The San Francisco Board of Supervisors is jump-starting its legislative year starting with an inaugural session on Monday morning, where a board president, one of the city’s most powerful positions, will be elected.
The board has a new member—District 4 representative Joel Engardio—while District 6 mayoral appointee Matt Dorsey has been elected for a full term, making for a reshaped board with different alliances and priorities. Along with veteran District 2 Supervisor Catherine Stefani, Engardio and Dorsey are expected to comprise a “moderate caucus,” shifting the board closer to the political center.
There’s still a progressive majority on the board—but expect moderates to work with swing voters, such as newly reelected District 8 member Rafael Mandelman, to shift policy on issues like the nexus of homelessness, the overdose crisis and street conditions.
Mandelman and District 1 Supervisor Connie Chan have been mentioned as possible candidates for board president—but sources tell The Standard that incumbent Shamann Walton has the votes to be elected again.
District 11 member Ahsha Safaí threw in his lot with Walton, the District 10 supervisor, over the weekend.
Should Walton get the votes, you can still expect an overall shift toward the center with moderates gaining a higher profile on the board’s committees.
Members of the board contacted by The Standard Monday morning had no comment on how the vote will go.
While some might argue the job is more trouble than it’s worth, another term as board president would give Walton an additional platform for issues around what has been traditionally considered an underserved district.
Most board watchers agree that the president’s most important job is assigning colleagues to the committees that vet legislation before it arrives at the full board. Additionally, the board president serves as acting mayor should the elected mayor vacate office for any reason.
Mayor London Breed became acting mayor when Mayor Ed Lee died due to a heart attack in 2017; Sen. Dianne Feinstein also assumed the job after the murders of Mayor George Moscone and Supervisor Harvey Milk in 1978.
Walton’s tenure has not been without problems: Last August, he faced criticism over a confrontation with a Sheriff’s Department cadet working security at one of the entrances to City Hall. The cadet, Emare Butler, alleged that Walton physically threatened him and called him the N-word. Both Walton and Butler are Black.
Tuesday’s regular meeting has a light agenda, but at least two contentious issues—the city’s response to the “bomb cyclone” storms and leadership of the Police Commission—are still on the board's plate.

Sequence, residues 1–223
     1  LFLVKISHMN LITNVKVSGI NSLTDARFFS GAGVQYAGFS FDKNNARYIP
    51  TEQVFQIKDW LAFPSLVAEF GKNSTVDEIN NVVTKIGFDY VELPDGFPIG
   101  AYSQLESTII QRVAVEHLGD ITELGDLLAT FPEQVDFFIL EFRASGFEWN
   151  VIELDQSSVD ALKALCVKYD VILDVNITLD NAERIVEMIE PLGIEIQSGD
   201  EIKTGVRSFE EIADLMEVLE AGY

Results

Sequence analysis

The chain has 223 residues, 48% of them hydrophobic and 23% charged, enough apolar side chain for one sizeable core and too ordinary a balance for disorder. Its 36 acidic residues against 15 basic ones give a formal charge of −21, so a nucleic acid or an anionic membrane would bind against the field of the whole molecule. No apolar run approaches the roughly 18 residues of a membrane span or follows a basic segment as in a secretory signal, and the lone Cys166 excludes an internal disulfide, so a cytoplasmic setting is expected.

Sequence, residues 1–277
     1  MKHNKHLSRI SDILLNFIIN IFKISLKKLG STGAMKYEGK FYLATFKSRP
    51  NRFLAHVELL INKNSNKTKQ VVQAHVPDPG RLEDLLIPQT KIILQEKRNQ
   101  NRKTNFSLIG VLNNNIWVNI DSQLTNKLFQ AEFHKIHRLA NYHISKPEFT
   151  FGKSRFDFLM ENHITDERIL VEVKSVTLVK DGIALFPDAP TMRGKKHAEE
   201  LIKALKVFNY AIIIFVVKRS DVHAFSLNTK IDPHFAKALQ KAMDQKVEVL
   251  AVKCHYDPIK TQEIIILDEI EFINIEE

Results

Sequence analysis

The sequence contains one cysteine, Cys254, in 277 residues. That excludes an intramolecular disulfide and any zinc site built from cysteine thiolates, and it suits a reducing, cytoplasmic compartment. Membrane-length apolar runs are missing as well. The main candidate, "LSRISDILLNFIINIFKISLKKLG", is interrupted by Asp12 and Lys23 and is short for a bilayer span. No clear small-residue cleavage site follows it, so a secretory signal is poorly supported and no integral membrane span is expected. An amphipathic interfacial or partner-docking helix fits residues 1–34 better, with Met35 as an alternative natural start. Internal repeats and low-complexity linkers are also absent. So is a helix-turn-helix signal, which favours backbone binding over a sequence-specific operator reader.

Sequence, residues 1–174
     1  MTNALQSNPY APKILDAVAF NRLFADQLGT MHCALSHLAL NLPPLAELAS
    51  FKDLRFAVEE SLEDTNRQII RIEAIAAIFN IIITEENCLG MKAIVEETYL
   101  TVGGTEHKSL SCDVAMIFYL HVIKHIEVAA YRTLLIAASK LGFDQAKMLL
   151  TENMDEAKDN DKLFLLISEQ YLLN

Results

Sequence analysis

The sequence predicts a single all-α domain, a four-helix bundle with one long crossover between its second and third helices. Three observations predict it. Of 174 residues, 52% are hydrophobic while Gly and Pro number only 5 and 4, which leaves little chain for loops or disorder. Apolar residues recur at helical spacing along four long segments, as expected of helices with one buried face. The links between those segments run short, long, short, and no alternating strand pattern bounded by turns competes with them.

Mayor London Breed will make her periodic appearance before the board to answer questions and make remarks. The question on tap, from Walton, is on “emergency preparedness.”
Breed has been getting heat over the city’s response to the atmospheric river storms that have been hammering the region in recent weeks, with record rains and central neighborhoods like the Mission subject to flooding.
Residents have complained that there was little to no advance response to the flooding. Breed said that the National Weather Service provided insufficient information about the extent of the storms, but the agency countered that they gave the city advance warning of “a significant rain event” with hazardous conditions.
Also on the agenda is a motion confirming the reappointment of attorney Cindy Elias to the Police Commission.
Elias’ term is not up until April; District 3 member Aaron Peskin had introduced the motion in December, allegedly over concerns that the new board would not confirm Elias in April. The move received strong pushback from Breed and moderate board members.
Peskin then split the item, creating a separate, nonbinding “motion of intent” which passed 8-3 at 2022’s final board meeting. The original motion, which has binding effect, will be on Tuesday’s agenda.
The supervisors will also hold a special order hearing at 3 p.m. to consider legislation to increase maximum floor plate sizes for Transbay Block 2, located on Folsom Street between Beale and Main streets.
The plan would ease the way for 335 units of affordable housing, 184 of which will be for families and 151 will be for seniors.
The mixed-use project will replace a former temporary regional bus terminal and is being developed by Mercy Housing and Chinatown Community Development Center. It’s part of 3,800 units of housing, 1,400 of which will be affordable, planned for the Transbay Project Area.
Mike Ege can be reached at firstname.lastname@example.org